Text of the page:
The average wage gap between black and white workers was 18.1 percent in 1979, with the gap widening to 26.7 percent in 2015, the left-leaning think tank reports.
Rutgers University economist William M. Rodgers III co-authored the report with Valerie Wilson, director of EPI's Program on Race, Ethnicity and the Economy.
"We've found that racial wage gaps are growing primarily due to discrimination -- and other unmeasured and unobserved characteristics-- along with rising inequality in general," Rodgers said.
Adjusted average hourly wages were 22 percent less for black men than white men last year, up from 16.9 percent in 1979.
Black women's adjusted average hourly wages were only 4.5 percent less than white women's in 1979. That figure grew to 11.7 percent by 2015, according to the report. The wage gap between black women and white men was 42.3 percent in 1979. By 2015, the wage gap narrowed for black women, but remained sizable at 34.2 percent.
Black and white wage gaps began to grow in the early 1980s as a result of high unemployment, declining unionization and lax enforcement of anti-discrimination laws, the report states.
"While racial wage gaps are worse today than in 1979, the deterioration has not appeared along a straight line," Wilson noted. "During the late 1990s, the gaps shrank due partially to tight labor markets, which made discrimination more costly, and policy decisions like raising the minimum wage. Since 2000, the gaps have grown again."
The researchers examined how educational attainment among workers affects racial wage gaps.
From the report:
Though the African American experience is not monolithic, our research reveals that changes in black education levels or other observable factors are not the primary reason the gaps are growing. For example, just completing a bachelor's degree or more will not reduce the black-white wage gap. Indeed the gaps have expanded most for college graduates. Black male college graduates (both those with just a college degree and those who have gone beyond college) newly entering the workforce started the 1980s with less than a 10 percent disadvantage relative to white college graduates but by 2014 similarly educated new entrants were at a roughly 18 percent deficit.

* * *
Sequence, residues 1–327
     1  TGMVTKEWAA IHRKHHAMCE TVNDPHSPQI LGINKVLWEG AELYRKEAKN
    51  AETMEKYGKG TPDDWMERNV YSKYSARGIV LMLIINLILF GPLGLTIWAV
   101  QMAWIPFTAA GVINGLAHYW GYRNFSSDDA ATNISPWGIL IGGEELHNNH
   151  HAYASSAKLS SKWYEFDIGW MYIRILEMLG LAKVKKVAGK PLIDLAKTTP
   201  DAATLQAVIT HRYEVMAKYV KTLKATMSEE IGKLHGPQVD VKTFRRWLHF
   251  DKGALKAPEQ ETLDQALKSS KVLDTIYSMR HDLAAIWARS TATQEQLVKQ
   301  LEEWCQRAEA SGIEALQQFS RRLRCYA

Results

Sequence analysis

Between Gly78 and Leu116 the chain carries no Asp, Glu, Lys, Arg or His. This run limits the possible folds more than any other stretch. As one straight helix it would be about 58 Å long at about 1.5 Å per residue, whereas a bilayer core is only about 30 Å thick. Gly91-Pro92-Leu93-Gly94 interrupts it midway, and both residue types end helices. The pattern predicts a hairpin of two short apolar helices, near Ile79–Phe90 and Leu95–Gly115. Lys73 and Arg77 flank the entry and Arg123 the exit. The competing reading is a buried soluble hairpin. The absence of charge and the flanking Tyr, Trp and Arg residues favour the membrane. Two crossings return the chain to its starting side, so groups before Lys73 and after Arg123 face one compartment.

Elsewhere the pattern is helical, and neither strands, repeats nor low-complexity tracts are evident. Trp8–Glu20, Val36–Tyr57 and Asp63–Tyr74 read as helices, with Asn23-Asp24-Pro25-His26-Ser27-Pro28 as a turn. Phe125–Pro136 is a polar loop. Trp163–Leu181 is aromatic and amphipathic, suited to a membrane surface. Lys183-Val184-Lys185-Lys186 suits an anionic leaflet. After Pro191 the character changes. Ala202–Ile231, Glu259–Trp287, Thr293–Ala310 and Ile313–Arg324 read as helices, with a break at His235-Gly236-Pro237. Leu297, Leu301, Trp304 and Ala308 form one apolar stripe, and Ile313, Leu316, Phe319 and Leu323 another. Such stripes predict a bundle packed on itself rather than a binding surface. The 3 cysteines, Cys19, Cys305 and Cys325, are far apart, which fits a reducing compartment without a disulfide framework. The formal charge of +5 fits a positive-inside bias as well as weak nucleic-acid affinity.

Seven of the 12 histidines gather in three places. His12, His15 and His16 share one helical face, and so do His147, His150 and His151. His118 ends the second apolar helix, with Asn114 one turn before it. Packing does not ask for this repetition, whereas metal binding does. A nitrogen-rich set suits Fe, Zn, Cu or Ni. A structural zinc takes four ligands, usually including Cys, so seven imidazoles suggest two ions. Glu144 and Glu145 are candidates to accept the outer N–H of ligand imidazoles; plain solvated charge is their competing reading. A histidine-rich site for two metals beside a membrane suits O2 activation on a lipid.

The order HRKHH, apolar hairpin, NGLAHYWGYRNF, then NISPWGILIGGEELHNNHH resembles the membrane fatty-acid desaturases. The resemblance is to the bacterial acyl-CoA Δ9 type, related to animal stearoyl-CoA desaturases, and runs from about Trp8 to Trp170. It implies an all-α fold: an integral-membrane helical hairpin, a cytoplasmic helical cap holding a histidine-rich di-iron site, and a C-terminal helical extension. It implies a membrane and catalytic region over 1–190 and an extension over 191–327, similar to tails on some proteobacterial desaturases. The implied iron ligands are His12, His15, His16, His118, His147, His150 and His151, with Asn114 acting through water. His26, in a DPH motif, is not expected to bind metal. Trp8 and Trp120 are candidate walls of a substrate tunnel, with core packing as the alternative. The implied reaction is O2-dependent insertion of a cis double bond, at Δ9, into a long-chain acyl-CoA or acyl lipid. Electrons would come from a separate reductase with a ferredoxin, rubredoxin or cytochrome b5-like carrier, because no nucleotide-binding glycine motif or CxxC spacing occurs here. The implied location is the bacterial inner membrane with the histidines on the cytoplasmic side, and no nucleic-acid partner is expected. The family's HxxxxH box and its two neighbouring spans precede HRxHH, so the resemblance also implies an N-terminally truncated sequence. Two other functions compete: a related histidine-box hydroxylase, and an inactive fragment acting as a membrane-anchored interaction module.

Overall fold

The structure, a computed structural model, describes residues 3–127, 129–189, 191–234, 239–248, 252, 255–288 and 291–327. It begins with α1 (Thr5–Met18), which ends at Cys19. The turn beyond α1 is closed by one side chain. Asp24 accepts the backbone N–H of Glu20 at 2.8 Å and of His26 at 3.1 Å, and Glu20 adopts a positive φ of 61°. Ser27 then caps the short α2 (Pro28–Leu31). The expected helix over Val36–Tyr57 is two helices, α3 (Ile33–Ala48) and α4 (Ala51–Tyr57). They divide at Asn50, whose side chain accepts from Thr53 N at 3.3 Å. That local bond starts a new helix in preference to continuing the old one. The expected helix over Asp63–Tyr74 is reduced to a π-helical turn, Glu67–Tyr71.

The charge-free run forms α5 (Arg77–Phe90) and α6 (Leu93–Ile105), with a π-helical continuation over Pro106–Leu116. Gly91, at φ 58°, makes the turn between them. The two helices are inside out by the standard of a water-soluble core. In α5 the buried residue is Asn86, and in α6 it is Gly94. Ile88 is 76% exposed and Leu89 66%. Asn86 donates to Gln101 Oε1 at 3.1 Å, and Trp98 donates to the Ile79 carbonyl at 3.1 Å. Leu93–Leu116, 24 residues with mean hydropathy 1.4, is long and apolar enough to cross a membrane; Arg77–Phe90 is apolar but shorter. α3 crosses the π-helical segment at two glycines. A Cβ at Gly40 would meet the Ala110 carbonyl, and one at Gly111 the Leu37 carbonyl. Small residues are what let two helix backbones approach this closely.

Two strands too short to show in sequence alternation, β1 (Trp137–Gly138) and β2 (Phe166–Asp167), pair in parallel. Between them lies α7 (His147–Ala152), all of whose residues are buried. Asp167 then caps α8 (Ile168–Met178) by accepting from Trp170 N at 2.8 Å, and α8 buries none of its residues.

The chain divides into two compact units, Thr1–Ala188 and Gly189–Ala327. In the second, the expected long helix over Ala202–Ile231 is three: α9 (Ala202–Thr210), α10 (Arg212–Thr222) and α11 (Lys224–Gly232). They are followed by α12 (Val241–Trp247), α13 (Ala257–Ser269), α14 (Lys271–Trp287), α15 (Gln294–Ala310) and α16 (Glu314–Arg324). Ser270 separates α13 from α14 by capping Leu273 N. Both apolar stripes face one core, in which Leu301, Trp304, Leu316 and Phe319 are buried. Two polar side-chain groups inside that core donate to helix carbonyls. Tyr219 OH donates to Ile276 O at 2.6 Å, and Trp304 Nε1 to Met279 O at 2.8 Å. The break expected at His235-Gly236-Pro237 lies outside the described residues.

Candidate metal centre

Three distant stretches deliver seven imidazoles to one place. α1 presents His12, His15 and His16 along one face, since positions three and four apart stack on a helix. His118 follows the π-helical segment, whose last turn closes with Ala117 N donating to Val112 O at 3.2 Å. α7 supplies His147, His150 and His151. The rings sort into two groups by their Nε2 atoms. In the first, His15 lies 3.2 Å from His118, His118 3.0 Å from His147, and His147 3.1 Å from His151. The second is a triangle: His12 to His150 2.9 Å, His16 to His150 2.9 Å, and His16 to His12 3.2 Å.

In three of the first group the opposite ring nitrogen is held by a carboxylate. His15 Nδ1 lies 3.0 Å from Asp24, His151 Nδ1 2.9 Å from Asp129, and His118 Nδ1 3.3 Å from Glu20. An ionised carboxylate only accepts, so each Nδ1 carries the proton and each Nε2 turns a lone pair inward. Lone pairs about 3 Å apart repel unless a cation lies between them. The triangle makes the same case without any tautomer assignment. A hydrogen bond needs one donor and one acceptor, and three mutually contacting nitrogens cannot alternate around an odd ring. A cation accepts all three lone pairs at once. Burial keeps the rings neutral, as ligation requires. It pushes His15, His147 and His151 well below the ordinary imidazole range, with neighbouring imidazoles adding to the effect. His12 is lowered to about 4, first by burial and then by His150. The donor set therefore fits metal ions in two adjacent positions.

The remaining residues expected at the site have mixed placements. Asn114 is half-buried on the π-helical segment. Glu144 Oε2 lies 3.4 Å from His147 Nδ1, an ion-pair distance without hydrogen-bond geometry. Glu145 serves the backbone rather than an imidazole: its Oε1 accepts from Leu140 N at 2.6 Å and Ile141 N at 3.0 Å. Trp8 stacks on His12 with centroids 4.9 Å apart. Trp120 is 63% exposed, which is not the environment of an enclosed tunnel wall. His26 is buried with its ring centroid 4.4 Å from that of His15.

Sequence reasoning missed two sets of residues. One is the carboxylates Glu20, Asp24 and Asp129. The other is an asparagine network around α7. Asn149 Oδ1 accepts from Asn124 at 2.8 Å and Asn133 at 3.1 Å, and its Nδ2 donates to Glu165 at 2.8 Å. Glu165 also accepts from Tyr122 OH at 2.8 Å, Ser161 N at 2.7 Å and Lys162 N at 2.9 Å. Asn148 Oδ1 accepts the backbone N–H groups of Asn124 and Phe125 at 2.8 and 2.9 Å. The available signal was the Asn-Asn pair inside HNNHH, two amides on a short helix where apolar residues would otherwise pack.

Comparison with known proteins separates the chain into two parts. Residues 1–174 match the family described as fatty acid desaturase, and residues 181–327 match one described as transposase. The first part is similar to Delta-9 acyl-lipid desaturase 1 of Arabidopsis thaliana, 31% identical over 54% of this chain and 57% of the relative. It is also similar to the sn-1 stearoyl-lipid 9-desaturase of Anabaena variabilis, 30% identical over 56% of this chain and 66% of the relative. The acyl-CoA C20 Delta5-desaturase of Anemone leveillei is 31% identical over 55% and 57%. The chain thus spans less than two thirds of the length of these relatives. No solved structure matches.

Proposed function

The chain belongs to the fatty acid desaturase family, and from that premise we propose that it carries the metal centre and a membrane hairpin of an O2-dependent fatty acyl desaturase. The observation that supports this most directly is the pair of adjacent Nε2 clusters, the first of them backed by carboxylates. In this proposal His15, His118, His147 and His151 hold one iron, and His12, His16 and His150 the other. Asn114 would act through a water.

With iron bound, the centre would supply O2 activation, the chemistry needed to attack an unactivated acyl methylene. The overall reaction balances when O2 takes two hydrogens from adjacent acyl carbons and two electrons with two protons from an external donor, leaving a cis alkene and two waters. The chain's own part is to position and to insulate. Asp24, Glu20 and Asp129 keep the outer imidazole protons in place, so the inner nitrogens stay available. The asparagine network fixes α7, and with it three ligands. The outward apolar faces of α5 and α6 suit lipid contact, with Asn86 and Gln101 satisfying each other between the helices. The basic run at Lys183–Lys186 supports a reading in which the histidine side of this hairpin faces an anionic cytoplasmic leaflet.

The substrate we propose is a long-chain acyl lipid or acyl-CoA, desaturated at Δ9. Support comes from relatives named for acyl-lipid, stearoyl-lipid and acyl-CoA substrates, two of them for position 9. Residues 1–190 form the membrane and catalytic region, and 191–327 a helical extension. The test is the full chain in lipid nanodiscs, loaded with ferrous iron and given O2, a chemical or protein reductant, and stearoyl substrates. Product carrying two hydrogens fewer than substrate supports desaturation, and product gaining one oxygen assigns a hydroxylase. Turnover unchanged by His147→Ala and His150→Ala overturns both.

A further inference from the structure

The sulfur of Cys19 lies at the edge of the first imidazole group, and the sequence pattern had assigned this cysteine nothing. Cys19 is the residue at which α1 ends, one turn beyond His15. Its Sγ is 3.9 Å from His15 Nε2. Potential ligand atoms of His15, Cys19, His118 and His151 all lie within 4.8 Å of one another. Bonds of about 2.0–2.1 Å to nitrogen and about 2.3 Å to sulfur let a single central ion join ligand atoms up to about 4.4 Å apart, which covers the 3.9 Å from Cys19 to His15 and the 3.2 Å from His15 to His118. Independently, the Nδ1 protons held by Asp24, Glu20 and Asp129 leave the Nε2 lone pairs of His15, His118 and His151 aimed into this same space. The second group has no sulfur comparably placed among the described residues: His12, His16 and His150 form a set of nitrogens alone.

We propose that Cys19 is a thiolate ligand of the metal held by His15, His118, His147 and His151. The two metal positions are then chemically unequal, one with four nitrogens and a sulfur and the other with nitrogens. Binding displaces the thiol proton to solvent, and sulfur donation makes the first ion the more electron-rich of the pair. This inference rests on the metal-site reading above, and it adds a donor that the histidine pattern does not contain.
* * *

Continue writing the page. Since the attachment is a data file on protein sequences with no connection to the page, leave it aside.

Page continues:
The experts further explained that "changes in unobservable factors--such as racial wage discrimination, racial differences in unobserved or unmeasured skills, or racial differences in labor force attachment of less-skilled men due to incarceration--along with weakened support to fight labor market discrimination continue to be the leading factors for explaining past and now the recent deterioration in the economic position of many African Americans."
Rodgers and Wilson list several policy recommendations to reduce racial wage gaps. Among them: rigorously enforcing wage and anti-discrimination workplace laws, raising the minimum wage, strengthening public employees' collective bargaining rights and requiring the Federal Reserve to "pursue monetary policy that targets full employment, with wage growth that matches productivity gains."
"In order to fully address racial wage gaps, direct action must be taken to decrease discrimination and address the problem of stagnant wages across the board," Rodgers said.